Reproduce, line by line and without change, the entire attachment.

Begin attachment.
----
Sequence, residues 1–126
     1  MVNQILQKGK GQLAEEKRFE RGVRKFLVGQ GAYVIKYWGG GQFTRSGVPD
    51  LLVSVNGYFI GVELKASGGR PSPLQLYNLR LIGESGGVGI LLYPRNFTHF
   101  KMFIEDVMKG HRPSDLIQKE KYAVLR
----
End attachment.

Sequence, residues 1–126
     1  MVNQILQKGK GQLAEEKRFE RGVRKFLVGQ GAYVIKYWGG GQFTRSGVPD
    51  LLVSVNGYFI GVELKASGGR PSPLQLYNLR LIGESGGVGI LLYPRNFTHF
   101  KMFIEDVMKG HRPSDLIQKE KYAVLR